On a rainy summer day near the Mendenhall River in Juneau, a birder has her binoculars trained on an odd-looking bird. It looks like a robin, but it's completely white. She gets a good look, and takes a few pictures. It is a robin, and it's totally white.
Albinism and leucism are two conditions that can cause animals to have white fur, hair, skin or feathers. Albinism affects an entire animal, but leucism can affect an entire animal, or just patches. Animals with partial leucism are referred to as "peid" or "piebald." A leucistic animal will have normal-looking eyes. Leucistic lions are white, but have normal eyes and lips. Animals with albinism have pink or red colored eyes. A close look at the pictures reveals that the robin has red eyes. An animal with albinism has red colored eyes because the retina and iris lack pigment, revealing the underlying blood vessels.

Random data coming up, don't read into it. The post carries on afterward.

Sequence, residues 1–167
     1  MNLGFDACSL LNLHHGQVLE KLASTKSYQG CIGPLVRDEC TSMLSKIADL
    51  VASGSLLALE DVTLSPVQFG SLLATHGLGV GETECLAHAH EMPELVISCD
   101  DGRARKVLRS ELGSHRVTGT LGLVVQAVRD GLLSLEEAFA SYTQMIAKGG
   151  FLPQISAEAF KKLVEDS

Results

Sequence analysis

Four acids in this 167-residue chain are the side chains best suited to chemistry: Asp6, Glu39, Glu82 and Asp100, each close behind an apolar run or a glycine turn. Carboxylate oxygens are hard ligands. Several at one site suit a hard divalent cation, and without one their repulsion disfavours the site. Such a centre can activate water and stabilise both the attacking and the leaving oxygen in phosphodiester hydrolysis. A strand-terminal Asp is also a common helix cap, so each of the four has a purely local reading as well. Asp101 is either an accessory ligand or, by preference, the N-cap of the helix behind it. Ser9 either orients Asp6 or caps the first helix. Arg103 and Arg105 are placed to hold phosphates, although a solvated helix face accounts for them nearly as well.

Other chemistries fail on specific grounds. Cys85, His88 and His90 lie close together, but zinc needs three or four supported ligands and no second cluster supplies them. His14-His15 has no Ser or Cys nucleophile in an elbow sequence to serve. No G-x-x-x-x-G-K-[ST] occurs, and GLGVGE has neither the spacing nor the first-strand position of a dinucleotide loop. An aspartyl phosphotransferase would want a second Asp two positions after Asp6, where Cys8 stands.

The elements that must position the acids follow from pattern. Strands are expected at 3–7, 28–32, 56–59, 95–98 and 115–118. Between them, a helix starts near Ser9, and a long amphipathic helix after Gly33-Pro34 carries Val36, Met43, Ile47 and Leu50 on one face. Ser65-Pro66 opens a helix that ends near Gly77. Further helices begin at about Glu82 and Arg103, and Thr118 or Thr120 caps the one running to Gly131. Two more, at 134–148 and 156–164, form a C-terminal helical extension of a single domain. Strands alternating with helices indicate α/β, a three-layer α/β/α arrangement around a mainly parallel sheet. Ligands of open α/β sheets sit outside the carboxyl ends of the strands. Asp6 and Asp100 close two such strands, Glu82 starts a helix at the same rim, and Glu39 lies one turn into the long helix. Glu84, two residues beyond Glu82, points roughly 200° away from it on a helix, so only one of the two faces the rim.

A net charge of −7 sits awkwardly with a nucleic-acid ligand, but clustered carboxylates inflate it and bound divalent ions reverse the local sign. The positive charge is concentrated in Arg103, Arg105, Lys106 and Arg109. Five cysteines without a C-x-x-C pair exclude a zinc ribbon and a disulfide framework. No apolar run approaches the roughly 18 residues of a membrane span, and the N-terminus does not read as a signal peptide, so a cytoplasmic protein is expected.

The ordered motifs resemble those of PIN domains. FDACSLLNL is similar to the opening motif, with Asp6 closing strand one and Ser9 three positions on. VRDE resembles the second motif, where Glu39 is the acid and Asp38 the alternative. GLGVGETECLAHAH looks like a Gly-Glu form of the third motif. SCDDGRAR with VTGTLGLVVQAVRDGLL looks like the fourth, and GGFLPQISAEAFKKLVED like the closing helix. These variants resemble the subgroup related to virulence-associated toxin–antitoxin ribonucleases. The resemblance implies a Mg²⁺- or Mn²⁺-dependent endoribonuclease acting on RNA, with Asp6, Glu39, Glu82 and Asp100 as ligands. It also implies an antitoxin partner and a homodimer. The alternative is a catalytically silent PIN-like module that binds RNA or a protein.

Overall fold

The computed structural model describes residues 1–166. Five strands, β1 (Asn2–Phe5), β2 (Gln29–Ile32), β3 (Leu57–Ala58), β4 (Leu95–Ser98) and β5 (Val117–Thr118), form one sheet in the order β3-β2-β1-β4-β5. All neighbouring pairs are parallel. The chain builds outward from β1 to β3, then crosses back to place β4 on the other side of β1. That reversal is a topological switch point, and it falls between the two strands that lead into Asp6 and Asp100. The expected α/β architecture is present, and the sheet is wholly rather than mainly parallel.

An animal with albinism has melanocytes, the cells that make the skin pigment melanin, but the animal lacks the ability to process an enzyme that produces melanin. Leucistic animals do not have melanocytes at all - so the skin, hair, or feathers in the affected areas can't produce pigment. They have regular eyes because embryonically, eyes develop separately and from different precursor cells than skin does, and the pigment-producing melanocytes in the eyes develop normally.